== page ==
Use this URL to cite or link to this record in EThOS:
Title: Prestressed cable nets with finite displacements
Author: Buchholdt, H. A.
ISNI:       0000 0004 2696 5804
Awarding Body: University of Surrey
Current Institution: University of Surrey
Date of Award: 1967
Availability of Full Text:
Access from EThOS:
Access from Institution:
This work is concerned with the configuration and deformation of prestressed cable nets treating the nets as discrete systems. The treatment is as follows. Chapter 1 describes briefly the three main different types of cable systems used in the design of cable roofs, viz. 1) Simply suspended cables, 2) Cable girders, and 3) Cable nets. Chapter 2 deals with the initial configuration of nets for which the prestressing forces are assumed known. The main emphasis is given to closed forms of solutions because of their suitability to electronic computation. In Chapter 3 is developed a theory which will calculate the displacements and forces in any type of pinjointed link assembly, both rigid and non-rigid, subjected to any type of loading. The application of the method is based upon the minimization of the total potential by the method of steepest descent. Since the method of steepest descent was found to converge very slowly a great deal of time was spent investigating this method with a view to increasing the rate of convergence. The result of this work is given in chapter 4. Inthis chapter it is also shown that another possible way of locating the minimum total potential is by the Runge-Kutta method. The validity of the deformation theory was demonstrated by testing a flat net and a doubly curved net. The design of the model, the test results and corresponding theoretical values are given in chapter 5. In chapter 6 are given the results of an analysis of the behaviour of small saddle shaped nets carried out to investigate how the stiffness is affected by curvature and intensity of prestress. In chapter 7 it is shown how a chosen configuration can be calculated by the theory given in chapter 3. Where appropriate, conclusions on the different aspects of the work are given at the end of each chapter. A summary of these conclusions is given in chapter 8 together with suggestions for future work. Because of the very large number of tables, graphs and diagrams, these have, as far as possible, been included at the end of the thesis, as shown in the contents.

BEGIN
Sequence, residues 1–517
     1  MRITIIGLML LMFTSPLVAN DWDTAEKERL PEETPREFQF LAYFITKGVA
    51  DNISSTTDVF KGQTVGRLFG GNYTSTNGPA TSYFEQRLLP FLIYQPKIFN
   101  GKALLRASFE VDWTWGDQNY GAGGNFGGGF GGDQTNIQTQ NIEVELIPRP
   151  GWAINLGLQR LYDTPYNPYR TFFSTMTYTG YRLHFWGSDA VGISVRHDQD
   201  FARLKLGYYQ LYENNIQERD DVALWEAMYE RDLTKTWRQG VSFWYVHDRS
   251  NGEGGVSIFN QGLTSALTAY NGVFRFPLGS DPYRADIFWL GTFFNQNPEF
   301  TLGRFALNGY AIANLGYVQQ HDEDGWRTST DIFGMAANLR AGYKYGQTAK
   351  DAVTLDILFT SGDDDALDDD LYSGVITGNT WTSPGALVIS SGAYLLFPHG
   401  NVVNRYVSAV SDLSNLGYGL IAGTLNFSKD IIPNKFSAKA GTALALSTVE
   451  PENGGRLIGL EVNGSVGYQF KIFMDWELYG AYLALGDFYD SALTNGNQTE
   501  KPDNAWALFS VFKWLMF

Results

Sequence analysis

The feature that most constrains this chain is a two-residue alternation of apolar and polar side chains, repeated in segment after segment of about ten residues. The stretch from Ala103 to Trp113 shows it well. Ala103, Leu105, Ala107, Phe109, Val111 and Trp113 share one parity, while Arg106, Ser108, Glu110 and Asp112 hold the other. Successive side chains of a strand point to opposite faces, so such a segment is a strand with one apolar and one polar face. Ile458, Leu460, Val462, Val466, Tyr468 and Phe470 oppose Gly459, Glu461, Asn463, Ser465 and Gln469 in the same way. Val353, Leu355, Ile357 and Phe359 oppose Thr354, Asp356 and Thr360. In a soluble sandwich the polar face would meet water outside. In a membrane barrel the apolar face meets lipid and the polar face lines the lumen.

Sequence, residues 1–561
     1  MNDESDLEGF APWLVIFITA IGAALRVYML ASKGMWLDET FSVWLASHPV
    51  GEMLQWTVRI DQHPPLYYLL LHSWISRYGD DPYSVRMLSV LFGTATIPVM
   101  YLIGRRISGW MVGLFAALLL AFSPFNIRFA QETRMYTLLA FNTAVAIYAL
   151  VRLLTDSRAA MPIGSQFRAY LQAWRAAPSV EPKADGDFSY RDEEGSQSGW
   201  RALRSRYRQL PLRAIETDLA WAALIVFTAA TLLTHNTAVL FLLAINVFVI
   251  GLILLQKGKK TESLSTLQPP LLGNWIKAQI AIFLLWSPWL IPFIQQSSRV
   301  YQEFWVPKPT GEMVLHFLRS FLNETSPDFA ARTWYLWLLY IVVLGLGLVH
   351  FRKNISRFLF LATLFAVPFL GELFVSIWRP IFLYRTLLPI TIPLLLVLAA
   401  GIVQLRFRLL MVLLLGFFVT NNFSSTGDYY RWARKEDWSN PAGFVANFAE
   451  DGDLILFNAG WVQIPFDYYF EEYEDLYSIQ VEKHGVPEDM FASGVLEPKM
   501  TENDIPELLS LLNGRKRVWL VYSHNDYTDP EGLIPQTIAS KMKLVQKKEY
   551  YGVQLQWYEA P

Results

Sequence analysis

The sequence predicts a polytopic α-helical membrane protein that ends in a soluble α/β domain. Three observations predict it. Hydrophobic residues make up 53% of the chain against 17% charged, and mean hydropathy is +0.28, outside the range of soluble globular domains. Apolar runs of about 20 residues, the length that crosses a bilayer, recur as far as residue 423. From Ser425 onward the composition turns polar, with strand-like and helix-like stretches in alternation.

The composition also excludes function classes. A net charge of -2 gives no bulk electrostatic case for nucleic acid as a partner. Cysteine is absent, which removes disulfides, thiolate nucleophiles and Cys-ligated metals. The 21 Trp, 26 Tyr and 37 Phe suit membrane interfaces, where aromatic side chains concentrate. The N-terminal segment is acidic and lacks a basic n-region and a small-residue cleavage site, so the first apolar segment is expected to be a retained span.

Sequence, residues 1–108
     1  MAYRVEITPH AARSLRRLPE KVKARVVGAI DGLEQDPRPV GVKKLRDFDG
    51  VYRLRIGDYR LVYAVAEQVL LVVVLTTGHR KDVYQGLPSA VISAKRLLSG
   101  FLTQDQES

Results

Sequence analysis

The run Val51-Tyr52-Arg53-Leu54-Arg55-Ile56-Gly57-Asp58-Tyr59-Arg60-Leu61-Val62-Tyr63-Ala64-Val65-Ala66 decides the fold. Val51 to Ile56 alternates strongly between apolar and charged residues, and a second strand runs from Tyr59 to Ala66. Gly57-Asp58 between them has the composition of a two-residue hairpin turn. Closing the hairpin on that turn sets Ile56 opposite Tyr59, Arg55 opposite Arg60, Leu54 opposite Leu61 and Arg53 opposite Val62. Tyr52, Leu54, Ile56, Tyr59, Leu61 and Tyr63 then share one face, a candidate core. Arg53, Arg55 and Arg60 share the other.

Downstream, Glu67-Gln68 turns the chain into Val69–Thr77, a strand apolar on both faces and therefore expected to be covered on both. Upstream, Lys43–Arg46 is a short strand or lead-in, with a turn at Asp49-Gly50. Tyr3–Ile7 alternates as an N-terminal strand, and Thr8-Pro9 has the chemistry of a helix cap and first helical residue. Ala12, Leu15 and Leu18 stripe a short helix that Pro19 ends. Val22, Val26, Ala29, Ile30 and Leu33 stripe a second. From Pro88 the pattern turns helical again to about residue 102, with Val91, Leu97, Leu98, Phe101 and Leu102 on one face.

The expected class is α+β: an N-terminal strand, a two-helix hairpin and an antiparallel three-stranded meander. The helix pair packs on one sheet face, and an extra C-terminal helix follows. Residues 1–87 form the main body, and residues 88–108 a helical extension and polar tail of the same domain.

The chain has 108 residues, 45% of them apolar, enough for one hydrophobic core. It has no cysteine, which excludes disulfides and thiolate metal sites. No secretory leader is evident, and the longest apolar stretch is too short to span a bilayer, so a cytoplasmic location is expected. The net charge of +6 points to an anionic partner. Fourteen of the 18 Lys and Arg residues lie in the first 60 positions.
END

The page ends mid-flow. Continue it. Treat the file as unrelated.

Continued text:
Supervisor: Not available Sponsor: Not available
Qualification Name: Thesis (Ph.D.) Qualification Level: Doctoral
EThOS ID:  DOI: Not available